Finland Increases Free Compulsory Secondary Education

After many years of debate, this government has at last passed legislation that make secondary education compulsory up to the starting age of 18 years. 

This reform has been debated for years but only the present government has had the fortitude and economic understanding to get it done. The social and economic benefits are crystal clear but the present opposition made up of the Conservatives and True Finns have objected to new legislation for reasons that appear to be related to the costs (the Conservatives) and old prejudices about the value of education (True Finns). 

Compulsory schoolers starting in autumn 2021 will be the first to enjoy free secondary education until the end of the calendar year in which the student reaches the age of 20.

Each student  may change of place of study free of charge and for justified reasons, the grace period may also be extended, e.g. disease or for the completion of training. Students will have free teaching and daily meals, textbooks and other materials and teaching aids, equipment and subjects required for teaching. They will be required to take 5 tests for passing the matriculation examination, including rejection of rejection. They will also be entitled to a refund of travel costs for trips longer than 7 km.

This is a big step for a small country but the government sees this as being essential in this more open global world. There are far too many young people unemployed without suitable qualifications either from a university to vocational school. There is already clear evidence that those young people who did not attend school and get a matriculation pass, end up with challenges to find decent jobs.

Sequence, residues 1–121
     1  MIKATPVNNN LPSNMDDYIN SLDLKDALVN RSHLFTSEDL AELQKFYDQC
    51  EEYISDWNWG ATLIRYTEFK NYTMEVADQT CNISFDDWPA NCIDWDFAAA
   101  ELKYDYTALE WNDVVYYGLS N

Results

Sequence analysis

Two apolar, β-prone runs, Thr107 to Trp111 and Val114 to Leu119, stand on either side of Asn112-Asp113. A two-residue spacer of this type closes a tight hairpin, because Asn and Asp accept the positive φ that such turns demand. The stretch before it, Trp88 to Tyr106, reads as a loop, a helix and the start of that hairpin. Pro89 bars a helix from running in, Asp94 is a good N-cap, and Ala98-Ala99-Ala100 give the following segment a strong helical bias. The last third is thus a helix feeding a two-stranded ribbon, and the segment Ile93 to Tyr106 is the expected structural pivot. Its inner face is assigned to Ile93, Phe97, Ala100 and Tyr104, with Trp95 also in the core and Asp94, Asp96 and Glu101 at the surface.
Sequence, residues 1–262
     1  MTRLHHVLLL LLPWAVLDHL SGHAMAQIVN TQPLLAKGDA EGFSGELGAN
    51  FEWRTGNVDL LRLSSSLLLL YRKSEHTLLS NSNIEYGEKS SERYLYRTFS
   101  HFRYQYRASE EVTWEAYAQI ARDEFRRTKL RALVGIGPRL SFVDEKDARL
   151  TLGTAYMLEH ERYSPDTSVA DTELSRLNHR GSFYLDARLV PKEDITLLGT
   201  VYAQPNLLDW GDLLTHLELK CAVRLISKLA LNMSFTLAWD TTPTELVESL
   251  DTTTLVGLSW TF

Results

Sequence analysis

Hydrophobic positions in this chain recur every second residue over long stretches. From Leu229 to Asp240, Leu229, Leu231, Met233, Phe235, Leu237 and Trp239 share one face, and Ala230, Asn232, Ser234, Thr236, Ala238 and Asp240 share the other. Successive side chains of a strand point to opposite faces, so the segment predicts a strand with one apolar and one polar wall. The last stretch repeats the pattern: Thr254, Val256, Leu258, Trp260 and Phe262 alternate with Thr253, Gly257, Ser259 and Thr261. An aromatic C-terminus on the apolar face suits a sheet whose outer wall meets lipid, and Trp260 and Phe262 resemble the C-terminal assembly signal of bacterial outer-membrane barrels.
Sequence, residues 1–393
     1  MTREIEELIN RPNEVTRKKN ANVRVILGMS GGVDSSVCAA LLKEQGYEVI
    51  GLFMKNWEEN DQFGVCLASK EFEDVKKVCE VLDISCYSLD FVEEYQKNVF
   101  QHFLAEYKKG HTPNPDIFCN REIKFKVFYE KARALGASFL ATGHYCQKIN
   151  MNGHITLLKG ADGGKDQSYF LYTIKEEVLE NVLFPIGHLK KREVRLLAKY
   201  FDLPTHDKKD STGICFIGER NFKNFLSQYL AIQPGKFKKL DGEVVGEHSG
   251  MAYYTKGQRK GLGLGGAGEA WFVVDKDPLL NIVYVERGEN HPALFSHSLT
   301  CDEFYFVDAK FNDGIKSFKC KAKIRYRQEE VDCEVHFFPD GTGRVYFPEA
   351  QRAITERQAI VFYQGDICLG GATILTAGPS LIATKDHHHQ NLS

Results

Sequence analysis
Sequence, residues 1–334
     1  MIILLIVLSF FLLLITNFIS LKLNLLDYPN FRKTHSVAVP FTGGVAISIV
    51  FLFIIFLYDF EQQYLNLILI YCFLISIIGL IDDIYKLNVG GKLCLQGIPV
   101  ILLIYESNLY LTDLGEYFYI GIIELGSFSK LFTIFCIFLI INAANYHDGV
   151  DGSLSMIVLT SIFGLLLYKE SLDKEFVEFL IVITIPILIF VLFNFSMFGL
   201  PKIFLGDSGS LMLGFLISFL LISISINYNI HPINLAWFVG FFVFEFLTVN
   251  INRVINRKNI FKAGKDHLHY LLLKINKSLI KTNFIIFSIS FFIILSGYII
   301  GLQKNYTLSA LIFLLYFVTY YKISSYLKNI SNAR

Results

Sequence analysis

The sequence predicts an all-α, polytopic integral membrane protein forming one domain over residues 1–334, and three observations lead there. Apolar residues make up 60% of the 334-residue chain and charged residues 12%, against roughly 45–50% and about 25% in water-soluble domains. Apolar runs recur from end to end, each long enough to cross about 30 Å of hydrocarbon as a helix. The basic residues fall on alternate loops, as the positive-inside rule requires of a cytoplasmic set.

This is a sweeping reform and the government has calculated that the extra costs are surprisingly small compared to the benefits to the individuals and the public sector. More young people will now be better equipped to find work and the public sector will receive higher tax revenues and be paying out lower basic social security costs to the unemployed.

The reform should promote equal opportunities to allow students to develop themselves according to their abilities and needs. It will also raise the level of education and skills and narrow learning gaps thus increasing educational equality and equity.

It is worth noting that the reform also contains clear provisions for guidance at the primary and secondary level as well as guidance for postgraduate studies. The school and the municipality are made responsible for supervision if the student is about to interrupt his or her studies. Guidance is provided in the event of an interruption of studies to ensure the continuation of studies. A student cannot resign on the basis of his or her own declaration if he or she has not started new studies.

This is a key reform that has taken into account the costs and benefits and should result over the years in the formation of a stronger and more productive workforce where people have worthwhile jobs they can enjoy. It also has the potential to create a stronger tax revenue base so that we can maintain our key basic services and our high standard of living. 

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